May 9, 2013
It seems that not a week goes by without a major online data breach making headlines. Passwords stolen; accounts hacked; financial information taken. And that’s on top of the everyday identity theft regularly experienced by individuals. These kinds of data breaches present a double-edged sword to businesses. On the one hand, data breaches are problematic for because they expose a company’s electronic data—and, particularly, the private data of its customers—to illicit uses by criminals. On the other hand, cybersecurity breaches may expose companies to heightened litigation risk if they fail to properly monitor and protect their online assets.
For example: Over the course of one week in 2009, a community bank in Maine authorized a series of electronic withdrawals from an account held by one of its customers. Because of inconsistencies with the timing, location, and value of the withdrawals—as compared to the customer’s typical habits—the bank’s online security system flagged the transactions as “high-risk.” But by providing correct answers to the customer’s security questions—questions that were presented for every electronic transaction—the offenders were able to breach the bank’s system.
The customer—Patco Construction—brought suit against the bank, alleging, among other claims, that the bank’s online security system was not “commercially reasonable” under Article 4A of the Uniform Commercial Code, which governs the rights, duties, and liabilities of banks and their commercial customers concerning electronic funds transfers. On summary judgment, a federal district court in Maine dismissed the count, finding the bank’s system “commercially reasonable” and in compliance with Article 4A.
In Patco Constr. Co., Inc. v. People’s United Bank, 684 F.3d 197 (1st Cir. 2012), however, the First Circuit Court of Appeals reversed that decision, finding it was commercially unreasonable to require its customers to submit answers to security questions for every electronic transaction. By doing so, the bank exposed its customers to increased risk that malicious software or other computer viruses could log frequent keystrokes and report them back to unauthorized users. The appellate court also found the bank’s security system commercially unreasonable because it failed to monitor the suspect transactions after they had been flagged as high-risk and failed to give notice to the customer.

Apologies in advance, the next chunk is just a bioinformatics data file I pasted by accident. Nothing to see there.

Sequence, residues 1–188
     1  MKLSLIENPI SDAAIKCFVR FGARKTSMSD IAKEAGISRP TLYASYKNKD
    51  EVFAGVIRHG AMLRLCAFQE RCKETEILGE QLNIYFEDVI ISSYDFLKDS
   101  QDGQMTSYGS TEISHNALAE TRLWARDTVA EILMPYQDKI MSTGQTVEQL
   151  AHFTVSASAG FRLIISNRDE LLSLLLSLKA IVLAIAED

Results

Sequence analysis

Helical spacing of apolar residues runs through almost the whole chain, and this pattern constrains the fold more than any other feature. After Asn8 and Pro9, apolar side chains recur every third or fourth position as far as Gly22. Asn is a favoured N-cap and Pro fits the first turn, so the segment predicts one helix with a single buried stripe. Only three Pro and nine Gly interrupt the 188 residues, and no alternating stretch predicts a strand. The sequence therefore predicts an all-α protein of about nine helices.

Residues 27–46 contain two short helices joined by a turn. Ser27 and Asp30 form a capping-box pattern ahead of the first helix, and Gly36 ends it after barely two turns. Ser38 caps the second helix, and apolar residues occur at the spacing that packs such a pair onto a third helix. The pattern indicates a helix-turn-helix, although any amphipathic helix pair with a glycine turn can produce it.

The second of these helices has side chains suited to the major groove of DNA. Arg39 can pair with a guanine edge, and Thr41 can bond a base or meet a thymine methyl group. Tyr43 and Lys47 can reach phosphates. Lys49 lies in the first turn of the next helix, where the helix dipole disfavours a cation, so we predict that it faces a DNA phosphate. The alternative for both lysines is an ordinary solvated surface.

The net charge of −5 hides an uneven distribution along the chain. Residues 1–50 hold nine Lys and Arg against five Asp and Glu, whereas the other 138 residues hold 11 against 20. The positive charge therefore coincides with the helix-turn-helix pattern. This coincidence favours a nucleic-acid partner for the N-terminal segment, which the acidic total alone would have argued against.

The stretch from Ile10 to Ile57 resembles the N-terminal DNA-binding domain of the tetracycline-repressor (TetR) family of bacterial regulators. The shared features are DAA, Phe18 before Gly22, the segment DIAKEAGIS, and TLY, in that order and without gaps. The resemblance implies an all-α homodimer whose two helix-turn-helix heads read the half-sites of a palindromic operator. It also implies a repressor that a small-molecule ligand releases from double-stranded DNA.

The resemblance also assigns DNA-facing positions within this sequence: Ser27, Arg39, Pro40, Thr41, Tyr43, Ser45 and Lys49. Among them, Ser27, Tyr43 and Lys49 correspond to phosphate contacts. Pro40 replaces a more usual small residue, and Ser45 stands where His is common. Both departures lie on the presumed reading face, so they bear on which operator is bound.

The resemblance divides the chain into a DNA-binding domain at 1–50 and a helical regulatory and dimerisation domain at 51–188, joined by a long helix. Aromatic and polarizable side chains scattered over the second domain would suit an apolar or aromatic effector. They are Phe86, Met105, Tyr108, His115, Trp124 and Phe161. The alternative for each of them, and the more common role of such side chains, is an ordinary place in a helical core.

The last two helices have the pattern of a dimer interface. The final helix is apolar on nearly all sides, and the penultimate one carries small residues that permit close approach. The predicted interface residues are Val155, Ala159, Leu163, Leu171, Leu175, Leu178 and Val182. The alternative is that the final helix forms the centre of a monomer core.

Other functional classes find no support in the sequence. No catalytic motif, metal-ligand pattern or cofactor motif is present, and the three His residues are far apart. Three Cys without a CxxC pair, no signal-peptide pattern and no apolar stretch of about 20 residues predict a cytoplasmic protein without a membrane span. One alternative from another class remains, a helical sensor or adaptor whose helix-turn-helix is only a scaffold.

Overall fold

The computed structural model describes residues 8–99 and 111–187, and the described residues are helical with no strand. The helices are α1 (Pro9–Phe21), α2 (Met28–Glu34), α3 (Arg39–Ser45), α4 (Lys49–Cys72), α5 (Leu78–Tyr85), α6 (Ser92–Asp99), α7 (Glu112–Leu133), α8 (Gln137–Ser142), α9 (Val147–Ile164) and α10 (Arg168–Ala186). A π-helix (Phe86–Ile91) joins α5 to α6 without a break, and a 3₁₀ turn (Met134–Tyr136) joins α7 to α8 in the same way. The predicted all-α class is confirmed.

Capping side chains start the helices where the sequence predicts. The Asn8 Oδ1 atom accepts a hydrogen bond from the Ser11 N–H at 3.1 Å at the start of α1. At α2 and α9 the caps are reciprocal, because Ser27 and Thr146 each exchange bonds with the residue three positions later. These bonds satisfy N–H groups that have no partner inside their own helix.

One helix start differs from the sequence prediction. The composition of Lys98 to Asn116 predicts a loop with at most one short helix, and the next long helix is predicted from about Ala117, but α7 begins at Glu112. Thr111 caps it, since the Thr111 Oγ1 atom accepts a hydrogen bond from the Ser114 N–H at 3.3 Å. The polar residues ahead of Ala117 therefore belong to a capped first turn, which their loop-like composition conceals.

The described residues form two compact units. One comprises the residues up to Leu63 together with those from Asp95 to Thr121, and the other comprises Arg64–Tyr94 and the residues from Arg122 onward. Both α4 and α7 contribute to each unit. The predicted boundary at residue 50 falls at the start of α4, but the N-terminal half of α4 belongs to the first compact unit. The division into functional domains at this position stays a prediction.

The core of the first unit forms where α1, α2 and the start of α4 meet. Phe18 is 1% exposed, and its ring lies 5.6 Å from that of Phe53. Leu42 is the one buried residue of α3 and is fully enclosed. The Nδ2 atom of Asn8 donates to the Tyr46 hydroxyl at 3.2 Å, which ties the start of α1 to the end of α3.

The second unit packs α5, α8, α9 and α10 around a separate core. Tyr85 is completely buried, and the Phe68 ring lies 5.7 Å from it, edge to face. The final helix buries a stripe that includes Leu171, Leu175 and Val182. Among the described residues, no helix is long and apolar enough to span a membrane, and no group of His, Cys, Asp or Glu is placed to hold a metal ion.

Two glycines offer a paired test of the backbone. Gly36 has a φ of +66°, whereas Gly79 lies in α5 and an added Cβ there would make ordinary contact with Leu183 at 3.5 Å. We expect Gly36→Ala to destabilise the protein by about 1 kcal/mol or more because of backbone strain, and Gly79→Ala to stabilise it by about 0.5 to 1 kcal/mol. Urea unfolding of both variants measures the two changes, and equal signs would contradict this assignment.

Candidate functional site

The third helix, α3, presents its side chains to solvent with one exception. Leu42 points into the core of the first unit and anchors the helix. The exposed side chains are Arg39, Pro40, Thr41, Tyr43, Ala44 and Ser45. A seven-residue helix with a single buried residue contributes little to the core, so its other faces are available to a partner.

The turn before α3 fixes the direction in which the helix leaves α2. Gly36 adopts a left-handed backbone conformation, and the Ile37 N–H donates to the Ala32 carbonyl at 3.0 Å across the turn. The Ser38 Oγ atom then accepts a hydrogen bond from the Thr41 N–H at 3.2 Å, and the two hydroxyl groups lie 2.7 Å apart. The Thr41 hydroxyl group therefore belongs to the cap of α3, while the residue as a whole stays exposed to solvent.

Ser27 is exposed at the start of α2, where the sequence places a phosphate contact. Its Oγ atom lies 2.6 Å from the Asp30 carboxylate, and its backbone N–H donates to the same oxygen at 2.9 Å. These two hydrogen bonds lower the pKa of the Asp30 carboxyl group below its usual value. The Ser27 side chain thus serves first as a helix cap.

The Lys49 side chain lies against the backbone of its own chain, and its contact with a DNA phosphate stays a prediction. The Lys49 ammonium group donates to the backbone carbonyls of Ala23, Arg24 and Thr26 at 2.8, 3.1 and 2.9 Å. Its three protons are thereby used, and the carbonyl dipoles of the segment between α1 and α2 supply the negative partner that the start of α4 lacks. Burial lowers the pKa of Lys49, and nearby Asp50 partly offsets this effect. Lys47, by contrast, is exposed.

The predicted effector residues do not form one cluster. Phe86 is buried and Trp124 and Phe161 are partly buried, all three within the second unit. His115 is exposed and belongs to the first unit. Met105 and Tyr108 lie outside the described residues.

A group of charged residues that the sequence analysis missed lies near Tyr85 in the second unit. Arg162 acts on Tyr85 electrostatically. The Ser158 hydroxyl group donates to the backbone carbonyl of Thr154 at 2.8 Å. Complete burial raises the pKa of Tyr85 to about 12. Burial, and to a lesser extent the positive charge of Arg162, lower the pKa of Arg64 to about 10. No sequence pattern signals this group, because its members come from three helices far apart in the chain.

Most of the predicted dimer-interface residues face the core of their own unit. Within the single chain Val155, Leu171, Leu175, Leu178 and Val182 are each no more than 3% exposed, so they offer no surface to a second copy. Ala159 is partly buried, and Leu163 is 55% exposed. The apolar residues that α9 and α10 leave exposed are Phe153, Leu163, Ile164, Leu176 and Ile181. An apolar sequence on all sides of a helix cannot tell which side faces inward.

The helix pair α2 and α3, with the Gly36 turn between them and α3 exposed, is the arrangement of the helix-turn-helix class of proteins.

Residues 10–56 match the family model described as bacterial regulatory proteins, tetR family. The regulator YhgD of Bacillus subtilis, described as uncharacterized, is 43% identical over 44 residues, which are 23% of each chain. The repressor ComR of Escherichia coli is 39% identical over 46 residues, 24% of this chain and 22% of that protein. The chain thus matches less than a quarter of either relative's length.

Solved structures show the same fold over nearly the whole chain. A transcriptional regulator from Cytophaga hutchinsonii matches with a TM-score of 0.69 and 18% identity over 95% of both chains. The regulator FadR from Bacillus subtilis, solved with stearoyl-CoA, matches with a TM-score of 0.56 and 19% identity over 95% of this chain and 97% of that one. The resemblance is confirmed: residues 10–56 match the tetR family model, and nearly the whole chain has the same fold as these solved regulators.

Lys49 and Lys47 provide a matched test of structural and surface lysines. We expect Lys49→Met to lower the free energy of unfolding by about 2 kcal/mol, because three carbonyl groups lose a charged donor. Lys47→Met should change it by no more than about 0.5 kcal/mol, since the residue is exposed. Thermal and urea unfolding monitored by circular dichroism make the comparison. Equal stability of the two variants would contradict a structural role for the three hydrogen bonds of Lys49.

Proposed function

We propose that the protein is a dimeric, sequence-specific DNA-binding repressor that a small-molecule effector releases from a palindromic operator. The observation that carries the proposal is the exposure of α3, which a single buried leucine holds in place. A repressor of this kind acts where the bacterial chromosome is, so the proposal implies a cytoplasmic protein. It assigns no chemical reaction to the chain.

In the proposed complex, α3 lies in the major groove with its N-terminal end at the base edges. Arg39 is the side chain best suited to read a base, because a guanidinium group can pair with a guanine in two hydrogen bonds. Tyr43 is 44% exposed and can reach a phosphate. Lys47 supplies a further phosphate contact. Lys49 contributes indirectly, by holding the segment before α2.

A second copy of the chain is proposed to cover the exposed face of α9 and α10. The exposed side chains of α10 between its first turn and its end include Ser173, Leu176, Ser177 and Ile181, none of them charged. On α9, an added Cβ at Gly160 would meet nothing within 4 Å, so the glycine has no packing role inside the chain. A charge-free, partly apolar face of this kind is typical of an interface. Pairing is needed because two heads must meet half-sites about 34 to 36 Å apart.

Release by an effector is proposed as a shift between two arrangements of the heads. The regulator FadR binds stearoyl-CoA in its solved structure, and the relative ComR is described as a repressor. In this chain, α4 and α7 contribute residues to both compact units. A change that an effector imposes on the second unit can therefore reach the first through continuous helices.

While the Patco case focused on the obligations of banks to secure electronic transactions, the Securities and Exchange Commission (SEC) issued guidelines and disclosure requirements for publicly traded companies concerning their cybersecurity risks in October 2011. Those guidelines are widely seen as a precursor to federal regulation or legislation that could require companies to disclose information related to cybersecurity risks and instances of data breaches. Inherent in any such disclosures is increased litigation risk for companies regarding the adequacy of their cybersecurity measures and damages from any data breaches.
The lessons from the Patco case and the SEC’s cybersecurity guidelines are that companies must ascertain and address their online security vulnerabilities in order to understand their risks. While no online security system is hacker-proof, and companies may have robust security measures in place, cybersecurity protections may still be found inadequate if they are not monitored and executed in a way that safeguards electronic data. And with the anticipated future prevalence of electronic purchases and transfers moving into the mobile space, cybersecurity is an issue that will only grow in prominence. Companies need to be proactive not only in meeting their customers where they are, but in ensuring security of their electronic data when they get there. By understanding the risks of vulnerabilities related to cybersecurity, companies can position themselves to limit litigation risk if—and when—data breaches occur.